Building an Effective Virtual Team

September 5, 2012, by Lisa Avvocato in Collaboration

With the increase of BYOD, unified communications and video conferencing technologies, many more employees are choosing to work from home to accommodate their schedule or expand their job possibilities. Similarly, organizations are allowing more employees the flexibility to work from home to attract and retain top employees across the country. Unified communications tools have allowed organizations to expand their talent pool to the best and brightest around the world; rather than their city.

However, the prevalence of remote work teams has led to new challenges for managers who are now tasked with leading these virtual teams. While some remote teams provide stellar results; many fail to reach their full potential and some fail to even complete their assigned tasks. This leaves many managers asking the question, what makes the difference between success and failure? How can managers enhance the probability of a successful virtual work team?

In a MIT Sloan Management Review article, How to Manage Virtual Teams, Frank Siebdrat, Martin Hoegl and Holger Ernst assert that there a few key aspects for managers to focus on when building a virtual team. By carefully selecting team members and developing a global culture, managers can enhance the likelihood of success.

For example, when selecting remote team members, it is important to not only consider abilities and expertise but social skills as well. In order for virtual teams to be successful “members must first and foremost be able to establish a basis for the effective exchange of their varying capabilities” the authors state. Selecting employees who demonstrate high levels of emotional intelligence and the ability to work together with others is critical for success. Self-important or headstrong individuals can have the opposite effect on a virtual team.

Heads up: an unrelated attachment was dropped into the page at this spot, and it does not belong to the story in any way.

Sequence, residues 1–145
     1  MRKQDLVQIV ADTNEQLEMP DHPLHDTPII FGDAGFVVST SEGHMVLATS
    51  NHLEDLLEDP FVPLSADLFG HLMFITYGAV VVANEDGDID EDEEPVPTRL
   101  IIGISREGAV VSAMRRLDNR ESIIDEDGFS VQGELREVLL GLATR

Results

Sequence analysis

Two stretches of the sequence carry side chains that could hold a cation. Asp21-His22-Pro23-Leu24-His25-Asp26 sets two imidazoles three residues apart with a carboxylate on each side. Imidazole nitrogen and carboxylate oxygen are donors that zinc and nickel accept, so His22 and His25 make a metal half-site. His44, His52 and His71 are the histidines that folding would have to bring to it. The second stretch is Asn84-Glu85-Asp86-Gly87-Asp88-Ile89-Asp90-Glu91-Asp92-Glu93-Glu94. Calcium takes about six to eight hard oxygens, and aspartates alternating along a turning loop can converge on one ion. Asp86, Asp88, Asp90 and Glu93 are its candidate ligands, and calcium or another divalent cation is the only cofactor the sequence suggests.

In addition to social skills, team members must have self-leadership skills. Essentially, team members need to be more “self-sufficient in how they manage their own work because the team leader is less in a position to help.” Therefore, managers need to look for independent and motivated individuals who constantly push boundaries and look for new tasks to complete. Individuals who sit around and wait for someone to tell them what to do will have a difficult time succeeding in a virtual team environment.

Finally, don’t underestimate the power of informal interactions and face-to-face communication. Informal interactions, such as happy hour, help develop relationships.  In addition to developing a sense of trust, team members get to know each other on a personal level. Since a traditional happy hour is likely out of the question; managers can put together a virtual social event, such as a virtual happy hour over video. Team members can bring their own glass of wine or beer and informally chat with one another. While it won’t be the exact same as a traditional happy hour, it can still help build camaraderie and team spirit.

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